4. Weight loss support
When people want to lose weight, they sometimes turn to support groups to help them in their journey. Whether through sharing recipes or personal experiences or participating in group activities, such groups can help make a weight-loss journey easier.
Unsurprisingly, so can pets. According to a study, “animals can provide social support, and having a pet “may strengthen engagement in a weight loss program by encouraging and motivating and reducing perceived emotional barriers.”
5. Improve mental health
In addition to lowering anxiety, pet ownership can benefit other parts of a person’s mental health, including depression. Some pets have a knack for noticing when their owner feels sad or upset, an intuition that “makes them great support and therapy animals,” according to One Health.
Animal-assisted therapy may involve having an animal visit a patient, which can “have mental, emotional and social benefits and can effectively treat depression, anxiety and even post-traumatic stress disorder,” One Health noted.
Caring for a pet adds structure to a person’s life. According to the Mental Health Foundation, the daily routine of feeding and exercising an animal “can help you feel more grounded and focused” and “can give your day purpose and a sense of achievement.”
6. Prevent allergies
Raising children around furry friends may reduce their risk of developing allergies or asthma. People used to think that having pets in a home was a no-no for families prone to allergies, but such studies show that having furry pets, or even farm animals, actually can help children. They found that babies who lived in homes with dogs were less likely to have pet allergies or develop eczema. They also showed signs of having stronger immune systems.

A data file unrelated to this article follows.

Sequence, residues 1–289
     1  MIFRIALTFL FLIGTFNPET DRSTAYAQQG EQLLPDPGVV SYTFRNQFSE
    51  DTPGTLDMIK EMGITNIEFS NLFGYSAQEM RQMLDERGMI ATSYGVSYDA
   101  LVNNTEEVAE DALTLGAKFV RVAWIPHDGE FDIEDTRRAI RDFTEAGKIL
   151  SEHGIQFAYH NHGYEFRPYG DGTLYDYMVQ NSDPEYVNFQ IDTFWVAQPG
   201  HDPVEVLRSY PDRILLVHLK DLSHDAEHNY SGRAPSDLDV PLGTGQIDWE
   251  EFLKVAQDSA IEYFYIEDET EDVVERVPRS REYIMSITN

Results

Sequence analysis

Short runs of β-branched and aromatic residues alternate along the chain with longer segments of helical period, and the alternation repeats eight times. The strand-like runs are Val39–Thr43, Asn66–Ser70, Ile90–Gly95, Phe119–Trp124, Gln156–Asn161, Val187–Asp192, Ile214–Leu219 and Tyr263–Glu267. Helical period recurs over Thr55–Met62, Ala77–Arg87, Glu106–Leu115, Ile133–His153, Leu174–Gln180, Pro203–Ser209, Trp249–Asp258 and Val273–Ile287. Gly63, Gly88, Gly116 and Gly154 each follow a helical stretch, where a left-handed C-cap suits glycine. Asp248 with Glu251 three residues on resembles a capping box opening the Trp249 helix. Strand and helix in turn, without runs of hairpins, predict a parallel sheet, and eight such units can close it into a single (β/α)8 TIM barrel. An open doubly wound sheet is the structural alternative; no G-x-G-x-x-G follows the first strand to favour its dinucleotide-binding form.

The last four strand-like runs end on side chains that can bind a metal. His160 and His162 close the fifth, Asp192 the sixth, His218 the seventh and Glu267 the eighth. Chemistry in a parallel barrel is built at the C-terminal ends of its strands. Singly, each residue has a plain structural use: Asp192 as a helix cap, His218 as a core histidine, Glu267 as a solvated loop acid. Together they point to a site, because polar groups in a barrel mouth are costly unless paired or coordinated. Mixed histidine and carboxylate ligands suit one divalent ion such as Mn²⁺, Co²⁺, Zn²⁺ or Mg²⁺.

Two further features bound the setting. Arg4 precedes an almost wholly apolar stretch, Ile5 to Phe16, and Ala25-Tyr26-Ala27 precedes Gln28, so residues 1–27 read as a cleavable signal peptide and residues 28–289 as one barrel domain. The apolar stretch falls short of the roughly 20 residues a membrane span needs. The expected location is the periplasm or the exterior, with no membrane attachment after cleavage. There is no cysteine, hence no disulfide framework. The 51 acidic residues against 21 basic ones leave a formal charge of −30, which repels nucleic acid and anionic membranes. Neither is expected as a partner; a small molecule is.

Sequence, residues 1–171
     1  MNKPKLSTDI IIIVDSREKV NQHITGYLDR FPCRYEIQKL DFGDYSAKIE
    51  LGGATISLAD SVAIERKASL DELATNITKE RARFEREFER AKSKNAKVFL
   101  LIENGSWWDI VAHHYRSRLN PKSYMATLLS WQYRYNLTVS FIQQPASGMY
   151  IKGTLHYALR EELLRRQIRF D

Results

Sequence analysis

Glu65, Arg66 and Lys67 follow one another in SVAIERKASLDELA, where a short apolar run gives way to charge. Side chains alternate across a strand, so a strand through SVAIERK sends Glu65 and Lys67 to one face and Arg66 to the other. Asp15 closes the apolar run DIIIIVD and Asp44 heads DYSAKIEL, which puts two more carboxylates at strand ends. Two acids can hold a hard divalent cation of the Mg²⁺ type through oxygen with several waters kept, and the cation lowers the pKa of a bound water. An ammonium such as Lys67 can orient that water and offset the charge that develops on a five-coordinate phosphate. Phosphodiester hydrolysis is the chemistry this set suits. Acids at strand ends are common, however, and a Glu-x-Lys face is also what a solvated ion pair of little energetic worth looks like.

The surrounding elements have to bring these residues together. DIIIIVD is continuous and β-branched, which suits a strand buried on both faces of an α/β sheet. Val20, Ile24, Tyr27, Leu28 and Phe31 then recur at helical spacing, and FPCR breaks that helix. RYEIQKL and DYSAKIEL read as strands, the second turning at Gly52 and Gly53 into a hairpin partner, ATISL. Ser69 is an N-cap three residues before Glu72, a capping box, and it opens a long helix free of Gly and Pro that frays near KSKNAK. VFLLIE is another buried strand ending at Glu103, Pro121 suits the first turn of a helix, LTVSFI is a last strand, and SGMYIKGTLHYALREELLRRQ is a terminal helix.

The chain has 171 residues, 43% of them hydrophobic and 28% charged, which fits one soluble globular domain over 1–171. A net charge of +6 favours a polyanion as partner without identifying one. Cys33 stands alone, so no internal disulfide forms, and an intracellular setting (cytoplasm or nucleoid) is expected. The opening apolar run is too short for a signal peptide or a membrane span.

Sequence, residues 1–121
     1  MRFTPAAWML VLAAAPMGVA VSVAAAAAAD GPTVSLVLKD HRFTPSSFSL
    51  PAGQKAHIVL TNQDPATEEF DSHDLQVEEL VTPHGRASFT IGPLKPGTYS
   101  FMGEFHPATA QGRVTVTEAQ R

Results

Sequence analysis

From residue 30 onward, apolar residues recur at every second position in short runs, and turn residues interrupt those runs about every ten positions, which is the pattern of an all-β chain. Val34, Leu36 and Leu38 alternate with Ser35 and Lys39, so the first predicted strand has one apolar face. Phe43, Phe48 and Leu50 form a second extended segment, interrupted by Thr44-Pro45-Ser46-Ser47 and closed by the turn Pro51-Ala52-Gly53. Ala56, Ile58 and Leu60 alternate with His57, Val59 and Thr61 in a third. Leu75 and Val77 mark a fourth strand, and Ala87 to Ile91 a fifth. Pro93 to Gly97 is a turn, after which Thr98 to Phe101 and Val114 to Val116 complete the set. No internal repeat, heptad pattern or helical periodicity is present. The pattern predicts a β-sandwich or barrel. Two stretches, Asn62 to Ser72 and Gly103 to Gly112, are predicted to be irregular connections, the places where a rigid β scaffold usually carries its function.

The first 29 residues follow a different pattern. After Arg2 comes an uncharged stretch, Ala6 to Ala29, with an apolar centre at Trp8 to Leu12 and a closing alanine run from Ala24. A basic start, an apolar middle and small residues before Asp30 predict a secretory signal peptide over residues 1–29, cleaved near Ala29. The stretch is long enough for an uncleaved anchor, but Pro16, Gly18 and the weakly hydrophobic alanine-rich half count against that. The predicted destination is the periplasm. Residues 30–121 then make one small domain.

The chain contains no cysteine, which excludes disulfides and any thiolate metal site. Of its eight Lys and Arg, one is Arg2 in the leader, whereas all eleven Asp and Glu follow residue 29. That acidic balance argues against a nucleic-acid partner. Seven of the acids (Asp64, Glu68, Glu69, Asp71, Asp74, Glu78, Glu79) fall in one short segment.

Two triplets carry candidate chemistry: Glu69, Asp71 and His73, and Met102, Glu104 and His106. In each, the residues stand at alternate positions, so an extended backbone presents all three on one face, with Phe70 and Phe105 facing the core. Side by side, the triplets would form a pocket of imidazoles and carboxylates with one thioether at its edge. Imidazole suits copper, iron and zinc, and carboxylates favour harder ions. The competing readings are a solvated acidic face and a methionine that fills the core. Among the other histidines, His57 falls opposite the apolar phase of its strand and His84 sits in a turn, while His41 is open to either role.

7. Better social skills
Put simply, a pet can be a conversation starter.
Not everyone is a social butterfly. Sometimes people need help when it comes to socializing — especially after two years of isolation thanks to COVID-19. That’s where pets can come in. Taking an animal out into the world can help “ease people out of social isolation or shyness,” Nadine Kaslow, Ph.D., told WebMD.
8. Boost your happiness
Spending time with a pet, indoors or out, can release those all-important neurotransmitters, like dopamine and serotonin. These chemicals your body naturally produces can help calm and relax you, thereby improving your mood and helping you feel better overall.
“If the activities we’re doing include the opportunity to bond with others — or even with our pets, the release of another brain chemical, oxytocin, also helps us to feel good,” noted AXA Health. “These feel-good activities ultimately help us access optimistic mindsets.”
Find out more ways to heal
To find out what other therapies, medical services, and treatments are available to you in your community, contact us at Epic Care. Call (925) 255-1066 or visit epic-care.com to set up a consultation today.